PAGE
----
For some people it's a burden and for others it's a joy—that time of the year when everyone is expected to exchange gifts. Whether or not you enjoy the holiday season there is one thing most of us agree upon: how frustrating it can be to try to come up with good gift ideas. Sure, there's amazing and expensive technology out there with plenty of fun gadgets that will be obsolete by this time next year, but how about a more traditional approach? Why not give a gift that will inspire or will teach, or will assist? I'm talking about useful gifts for the mixologist in your family.
A Shopping List
I've written before about using good tools and technique with an emphasis on making the most of what you already own. That's fine for the rest of the year, but this is the perfect time to consider items that can help elevate your mixologist's skills and abilities so they (and you) can enjoy even better cocktails in the coming year. These suggestions are in no particular order, and some of the best resources for buying these items are listed at the end:
- Boston Shaker - It has to be the most useful tool for the home imbiber. The Boston Shaker is what almost every professional bartender uses to mix cocktails. It's comprised of a large, 28 ounce metal tin and a 16 ounce pint glass. This simple tool will have your mixologist shaking in no time! They are easy to clean and usually very inexpensive. What's that you say? They already have a 3-piece (cobbler style) cocktail shaker? Get them a Boston Shaker anyway—trust me—they will be glad you did. A 3-piece shaker might look convenient, but they are messy, they don't seal (or don't come apart!) and they are often just more clumsy than they need to be. Since the Boston Shaker is so cheap, you'll want to add:
- Strainer - There are several kinds including 2-prong and 4-prong Hawthorne strainers (the kind with the spring), and julep strainers. These inexpensive tools are indispensable when using a Boston Shaker to filter out the ice allowing your mixologist to pour cocktails like a pro. Even if they already have a Hawthorne, chances are they don't have a julep strainer. A julep strainer is basically a large oval spoon with holes in it. It is used inside a mixing glass where it fits down into the mouth of the glass at an angle and holds back ice that was used to stir and chill a cocktail. Remember, an all-spirit cocktail like a martini or a manhattan likes to be stirred, and a julep strainer is the best way to pour it cleanly into a chilled glass.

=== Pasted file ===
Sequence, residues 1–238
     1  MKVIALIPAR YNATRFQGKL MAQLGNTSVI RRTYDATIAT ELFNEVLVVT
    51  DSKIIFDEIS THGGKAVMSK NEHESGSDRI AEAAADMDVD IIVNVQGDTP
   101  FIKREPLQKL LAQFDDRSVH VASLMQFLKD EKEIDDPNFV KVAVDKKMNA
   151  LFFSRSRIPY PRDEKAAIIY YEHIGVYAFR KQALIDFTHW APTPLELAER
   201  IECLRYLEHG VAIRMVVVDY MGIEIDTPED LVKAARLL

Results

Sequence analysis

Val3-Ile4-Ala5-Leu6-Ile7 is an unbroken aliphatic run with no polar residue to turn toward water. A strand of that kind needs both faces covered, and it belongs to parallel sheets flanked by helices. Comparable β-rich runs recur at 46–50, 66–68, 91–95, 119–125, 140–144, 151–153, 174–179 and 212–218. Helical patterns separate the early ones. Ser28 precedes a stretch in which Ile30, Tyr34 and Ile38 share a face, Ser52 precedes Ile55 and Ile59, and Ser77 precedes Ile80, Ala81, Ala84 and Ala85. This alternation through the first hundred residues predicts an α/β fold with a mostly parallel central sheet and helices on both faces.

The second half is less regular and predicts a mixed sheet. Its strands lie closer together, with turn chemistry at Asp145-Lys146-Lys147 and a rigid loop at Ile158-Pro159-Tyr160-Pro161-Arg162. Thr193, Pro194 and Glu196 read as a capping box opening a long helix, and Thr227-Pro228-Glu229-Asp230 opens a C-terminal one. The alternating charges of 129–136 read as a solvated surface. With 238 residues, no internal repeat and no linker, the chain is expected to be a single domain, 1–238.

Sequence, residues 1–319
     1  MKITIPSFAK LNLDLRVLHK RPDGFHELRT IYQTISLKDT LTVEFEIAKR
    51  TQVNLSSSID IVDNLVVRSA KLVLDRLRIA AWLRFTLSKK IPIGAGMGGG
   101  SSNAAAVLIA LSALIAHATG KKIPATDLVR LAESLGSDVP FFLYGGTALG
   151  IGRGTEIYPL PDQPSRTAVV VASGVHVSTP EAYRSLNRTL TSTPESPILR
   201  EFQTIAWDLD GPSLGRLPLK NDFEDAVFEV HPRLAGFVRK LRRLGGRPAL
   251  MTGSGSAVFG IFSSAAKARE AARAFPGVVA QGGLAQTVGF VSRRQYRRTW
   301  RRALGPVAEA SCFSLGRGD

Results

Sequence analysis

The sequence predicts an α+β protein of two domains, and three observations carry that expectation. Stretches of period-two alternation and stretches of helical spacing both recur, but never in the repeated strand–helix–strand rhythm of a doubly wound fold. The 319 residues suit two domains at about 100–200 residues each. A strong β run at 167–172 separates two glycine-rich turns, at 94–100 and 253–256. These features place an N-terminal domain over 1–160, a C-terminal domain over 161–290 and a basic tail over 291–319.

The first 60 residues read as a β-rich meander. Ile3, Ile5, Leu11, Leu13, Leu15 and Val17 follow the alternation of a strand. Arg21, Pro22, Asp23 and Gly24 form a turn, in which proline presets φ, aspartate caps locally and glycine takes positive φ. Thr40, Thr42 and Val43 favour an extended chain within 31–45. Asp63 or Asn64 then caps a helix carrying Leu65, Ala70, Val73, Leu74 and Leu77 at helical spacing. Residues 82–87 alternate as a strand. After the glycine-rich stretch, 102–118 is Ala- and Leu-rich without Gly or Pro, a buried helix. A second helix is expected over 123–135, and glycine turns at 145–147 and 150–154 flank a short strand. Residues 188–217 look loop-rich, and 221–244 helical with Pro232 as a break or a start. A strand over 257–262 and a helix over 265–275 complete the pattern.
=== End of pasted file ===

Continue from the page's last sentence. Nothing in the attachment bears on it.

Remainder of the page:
- Tovolo Ice Trays - Perfectly square ice cubes are all the rage. They look great, they work well in a shaker, and they melt slower than refrigerator crescent-shaped ice-maker ice. The best bars use Kold-Draft ice makers which produce large, perfectly clear cubes, but you can get really close with Tovolo silicone ice trays. I use them myself. They make more efficient use of your freezer space, they are easy to remove individual cubes, you won't crack them "twisting", and the ice will melt slower and looks gorgeous in the glass. Speaking of glasses:
- Coupes, cups, and mugs - The exciting resurgence of cocktails has brought back a lot of traditions. One of them is the use of the cocktail coupe, an elegantly styled glass that looks like a champagne saucer. While they are not quite as common as the v-shaped martini glasses you see everywhere, they are making a strong comeback. They are also petite. The days of the huge cocktail glass are behind us. Quality is replacing quantity. Specialty glasses also make great gifts. Sometimes a certain drink calls for a specific serving vessel. The Moscow Mule, for example likes to be served in a copper mug, and the Mint Julep works best in a silver cup.